The new regulations, which would end the practice of backing a corporate borrower’s credit rating on the back of mechanisms such as a “comfort letter” or “commitment letter” from the company or of its promoter or its parent company, comes into force from the end of January 2023.
Thus, in the last quarter of the financial year, many loans granted by banks may suffer a downgrade of at least one notch, forcing them to set aside additional capital because a lower rating means a higher risk weight. on a loan. According to banking regulations set by the RBI, a bank’s capital requirement increases with the increase in the number of “riskier” loan assets on its books.
According to RBI, some schemes aimed at raising ratings – and therefore reducing the cost of interest on loans – are “diluted or non-prudent support structures” which, unlike watertight collateral, cannot be legally enforced in the event of default. This exposes banks to greater risks.
“While this is understandable and we cannot question the wisdom of the regulator, the transition would be less disruptive if we had more time. Rating reviews can occur over the course of a year when many loans would be In addition, borrowers and rating agencies can determine whether, in the absence of, say, a letter of comfort, a downgrade can be avoided with more assurance. About a month ago, IBA ( Indian Banks’ Association) had filed an application on behalf of the (banking industry),” a senior banker told ET.
“We haven’t heard anything from RBI. But usually RBI doesn’t respond. If they make a decision, they can announce it closer to the deadline,” another banker said.
While RBI has given rating agencies six months – from July 26, 2022, the date of its CEO statement to rating agencies – to downgrade or withdraw the ratings, the banks believe such a measure should only be introduced. over the next fiscal year. Especially since due to the divergence of views of the two financial market regulators – RBI and the Securities & Exchange Board of India – and the anomaly it could cause: Sebi not insisting on stopping In some “credit enhancement” support structures, a bank loan (covered by RBI regulations) would have a lower rating than a debenture or bond (issued under Sebi rules) by the same borrower.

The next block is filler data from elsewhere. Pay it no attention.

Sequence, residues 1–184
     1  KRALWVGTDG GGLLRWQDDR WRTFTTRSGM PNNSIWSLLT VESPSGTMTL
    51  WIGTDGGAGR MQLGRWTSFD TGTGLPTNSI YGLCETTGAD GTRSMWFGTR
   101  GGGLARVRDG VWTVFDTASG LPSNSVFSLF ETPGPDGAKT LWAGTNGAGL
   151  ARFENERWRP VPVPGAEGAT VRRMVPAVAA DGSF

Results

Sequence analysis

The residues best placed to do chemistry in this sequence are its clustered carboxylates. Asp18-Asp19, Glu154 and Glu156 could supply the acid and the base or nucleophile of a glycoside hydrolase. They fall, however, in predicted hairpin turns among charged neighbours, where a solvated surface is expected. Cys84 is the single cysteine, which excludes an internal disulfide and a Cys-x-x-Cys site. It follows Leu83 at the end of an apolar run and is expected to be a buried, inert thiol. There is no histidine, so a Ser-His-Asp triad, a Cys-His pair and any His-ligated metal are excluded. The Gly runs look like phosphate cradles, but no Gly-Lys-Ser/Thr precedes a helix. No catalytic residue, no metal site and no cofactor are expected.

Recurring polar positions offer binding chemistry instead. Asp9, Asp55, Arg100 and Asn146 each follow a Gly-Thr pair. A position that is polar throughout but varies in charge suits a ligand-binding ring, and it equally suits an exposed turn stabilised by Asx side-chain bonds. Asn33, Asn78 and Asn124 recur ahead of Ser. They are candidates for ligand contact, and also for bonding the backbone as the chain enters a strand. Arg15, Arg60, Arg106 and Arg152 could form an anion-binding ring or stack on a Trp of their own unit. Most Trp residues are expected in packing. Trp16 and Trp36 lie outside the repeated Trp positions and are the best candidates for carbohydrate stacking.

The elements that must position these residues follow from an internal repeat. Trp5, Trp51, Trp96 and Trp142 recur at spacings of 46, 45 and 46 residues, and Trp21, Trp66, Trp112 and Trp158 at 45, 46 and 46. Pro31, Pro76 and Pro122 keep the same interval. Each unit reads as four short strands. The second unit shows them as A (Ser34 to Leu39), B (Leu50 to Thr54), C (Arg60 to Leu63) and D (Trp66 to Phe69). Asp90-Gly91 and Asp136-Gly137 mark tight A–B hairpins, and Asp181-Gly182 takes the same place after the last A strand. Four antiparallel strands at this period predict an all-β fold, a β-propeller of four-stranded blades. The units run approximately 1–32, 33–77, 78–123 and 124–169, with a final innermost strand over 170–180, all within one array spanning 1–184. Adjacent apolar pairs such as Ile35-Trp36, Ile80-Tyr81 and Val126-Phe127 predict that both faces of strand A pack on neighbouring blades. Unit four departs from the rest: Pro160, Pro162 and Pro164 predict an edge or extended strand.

WHY NOT HIGHER RISK WEIGHTINGS FOR CHALLENGING COMPANIES?
“While this is a significant issue, the rating agencies have a bigger issue to deal with, and it is uncooperative borrowers. This is an issue they have discussed with IBA as it would require the backing of banks,” an official at the ratings firm said.
Rating agencies believe that the risk weighting on bank loans to these provocative borrowers should be increased or even doubled.
The refusal of many companies to share data leads to a situation where agencies score them on the basis of inadequate information – which would not fully capture a borrower’s financial health and ability to repay a loan – or stop rating them altogether. write them down.
But, in many cases, companies and banks have little deterrence when ratings are withdrawn. Indeed, the risk weighting of an “unrated” borrower (at 100%) is lower than the rating (150%) of a “sub-investment grade” borrower (with a “double B” rating).
With a capital adequacy regulation of 9%, a bank lending, for example, ₹100 crore to a company with a risk weight of 100%, will need a minimum capital of ₹9 crore; however, the minimum capital requirement increases to ₹13.5 crore for the same loan amount when the risk weight on the business reaches 150%; and, at ₹18 crore when the risk weight is higher at 200%.
“In several cases, companies that are reluctant to cooperate with rating agencies are in the sub-investment grade category with borrowings of ₹100 crore or less. For them as well as the banks that lend them, an unrated loan is better than one There are good reasons for the RBI to increase the risk weight on unrated loans to 150% or even 200% This would also push banks to incentivize borrowers to get a rating and share data with rating companies,” another industry official said.